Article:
Tantrums, and a lesson learned - FamilyEducation

Tantrums, and a lesson learned

February 26,2008

I'm kind of a stranger to preschooler tantrums.  My son really never threw classic tantrums as a small child (although he has thrown many of a different sort) but T., as an independent and stubborn girl, has thrown her fair share of them. They are often the classic, text-book ones involving a lot of screaming in public places at the most inopportune times and ending with her throwing herself dramatically to the floor, often spread-eagled, sobbing to the world about the injustice of not being allowed to walk across the street by herself, or carry a stack of six library books, or climb up a railing and launch herself to the ground, or sit alone on the curb and contemplate life forever despite the fact that we have to rush off and pick up her brother from school in exactly four minutes.

After a particularly dramatic exit from the library lobby on Monday afternoon a woman who had been in the library check-out line with us came out onto the sidewalk as I was holding a sobbing and writhing T. by one arm, and about twenty books tucked under the other arm.  The woman beamed at us and said to me, she's such a cute little girl! to which I replied, curtly and more sarcastically than I should have: IS she?

I felt instantly bad about my comment, but I was too stressed and harried to think about it for long yesterday.  Today, though, I still feel badly.  Things are very different for a second child--not all in bad ways because I think much of T.'s independence and strong self-esteem and sense of self have to do with her position as a second child.  Also, I've been a more relaxed and confident mother with her--not so hung up on the fact that she sleeps with us most nights, or so uptight about whether breastfeeding was working or not (I nursed T. until she was 21 months old), not so anxious about every little thing.  But when L. was his sister's age life was very much about him and the moment was often entirely his and not someone else's.  If he had wanted to take 1/2 an hour to sit on a curb and contemplate life, then I would have gladly sat on the curb with him to do this, without a care in the world for where we had to be because, often, we just didn't have to be anywhere.  Life was simpler back then. But many of the things T. wants to do we just can't do all the time. When she used to nap I would have to pluck her out of bed, often while she was still asleep, and put her in the car so we could get to L.'s school in time to pick him up.  I can't focus on her much in the morning because I'm making school lunches, or putting together L.'s homework folder, or trying to drink my coffee and get dressed, and then it's a rush out the door so I can make it to work on time.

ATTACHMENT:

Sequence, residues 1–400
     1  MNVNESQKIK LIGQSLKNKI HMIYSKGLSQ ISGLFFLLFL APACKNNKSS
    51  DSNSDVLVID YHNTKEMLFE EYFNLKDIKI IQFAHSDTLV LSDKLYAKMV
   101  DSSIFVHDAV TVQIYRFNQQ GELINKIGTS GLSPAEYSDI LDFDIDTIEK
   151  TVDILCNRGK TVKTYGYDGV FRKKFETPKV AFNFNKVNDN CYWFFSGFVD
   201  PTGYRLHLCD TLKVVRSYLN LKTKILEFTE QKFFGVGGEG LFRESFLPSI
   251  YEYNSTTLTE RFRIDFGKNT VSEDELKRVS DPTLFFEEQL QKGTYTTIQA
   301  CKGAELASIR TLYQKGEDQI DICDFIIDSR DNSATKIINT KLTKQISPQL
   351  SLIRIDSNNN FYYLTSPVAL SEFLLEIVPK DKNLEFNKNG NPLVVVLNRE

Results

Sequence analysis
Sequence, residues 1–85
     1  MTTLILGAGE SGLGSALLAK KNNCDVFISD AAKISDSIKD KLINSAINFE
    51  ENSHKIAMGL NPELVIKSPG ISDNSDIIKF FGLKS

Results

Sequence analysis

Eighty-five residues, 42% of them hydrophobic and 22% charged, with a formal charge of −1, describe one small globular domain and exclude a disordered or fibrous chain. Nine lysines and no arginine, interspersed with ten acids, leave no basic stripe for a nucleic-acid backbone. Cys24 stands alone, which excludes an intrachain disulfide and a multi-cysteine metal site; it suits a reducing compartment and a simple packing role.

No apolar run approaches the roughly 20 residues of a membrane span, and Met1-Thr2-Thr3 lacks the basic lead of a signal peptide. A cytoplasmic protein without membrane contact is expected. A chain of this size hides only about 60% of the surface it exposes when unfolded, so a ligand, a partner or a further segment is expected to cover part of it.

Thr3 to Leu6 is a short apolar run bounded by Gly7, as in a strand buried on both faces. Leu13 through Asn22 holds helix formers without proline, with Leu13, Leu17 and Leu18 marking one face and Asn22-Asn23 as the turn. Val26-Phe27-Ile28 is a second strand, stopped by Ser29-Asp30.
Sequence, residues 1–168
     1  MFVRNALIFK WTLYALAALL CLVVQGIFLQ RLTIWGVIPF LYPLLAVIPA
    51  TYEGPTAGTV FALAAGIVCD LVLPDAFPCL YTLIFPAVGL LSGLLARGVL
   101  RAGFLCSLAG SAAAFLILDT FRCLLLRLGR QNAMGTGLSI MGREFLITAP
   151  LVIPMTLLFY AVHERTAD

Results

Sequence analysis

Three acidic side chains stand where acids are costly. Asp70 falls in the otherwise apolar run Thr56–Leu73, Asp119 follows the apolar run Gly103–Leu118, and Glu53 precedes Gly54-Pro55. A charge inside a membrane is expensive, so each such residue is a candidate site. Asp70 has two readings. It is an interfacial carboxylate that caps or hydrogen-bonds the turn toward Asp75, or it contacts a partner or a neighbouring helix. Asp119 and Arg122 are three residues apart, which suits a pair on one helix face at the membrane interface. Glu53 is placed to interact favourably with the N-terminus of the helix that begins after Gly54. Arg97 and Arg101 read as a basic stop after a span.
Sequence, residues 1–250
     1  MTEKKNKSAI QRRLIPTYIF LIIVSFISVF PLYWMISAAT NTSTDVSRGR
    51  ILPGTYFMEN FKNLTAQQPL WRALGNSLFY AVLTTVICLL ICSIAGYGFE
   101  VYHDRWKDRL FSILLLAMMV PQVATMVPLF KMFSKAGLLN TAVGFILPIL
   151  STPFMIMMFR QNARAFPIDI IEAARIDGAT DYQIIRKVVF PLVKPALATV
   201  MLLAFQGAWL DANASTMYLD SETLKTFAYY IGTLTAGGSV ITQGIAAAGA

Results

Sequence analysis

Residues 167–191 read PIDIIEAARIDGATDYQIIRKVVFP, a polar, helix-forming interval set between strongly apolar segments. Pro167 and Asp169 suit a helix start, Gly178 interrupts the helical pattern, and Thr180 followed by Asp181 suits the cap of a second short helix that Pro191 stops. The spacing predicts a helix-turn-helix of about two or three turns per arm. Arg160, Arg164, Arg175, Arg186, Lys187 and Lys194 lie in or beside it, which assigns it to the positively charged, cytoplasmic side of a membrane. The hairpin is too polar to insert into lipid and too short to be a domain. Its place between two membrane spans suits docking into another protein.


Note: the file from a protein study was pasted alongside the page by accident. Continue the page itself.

When we got home from the library yesterday I couldn't sit with T. and read through all the books she had picked out, the way I used to do with L.  I had to help L. with a computer project he wanted to work on and, well, since I hadn't seen him all day he deserved a chunk of my time, too.  Then it was time to make dinner, and the stack of books on the floor went unread. 

I still feel badly about yesterday, but I'm trying to learn a lesson from my flippant and not-very-nice comment to that kind, but clearly unobservant woman. Sometimes I imagine what L. would be like if he had been a second child, sometimes I imagine what T. would be like if she had been a first and only child for 3 1/2 years, as L. was.  But I think none of that wondering matters much, actually.  They are who they are--and probably would be despite their birth order.  Being a first child has its positives, certainly--being the first child also has its drawbacks. But one thing is clear: I do think I need to make an effort to make more of the moments in our days belong to T., so she can revel a little in the kind of simple spontaneity L. had so much of.

Today, when I get home, I'm going to take T. onto my lap and read to her each and every one of the books she picked out from the library yesterday--and twice through, if she wants it. Then maybe we'll head out to the hammock together if it's warm, and contemplate the clouds rolling past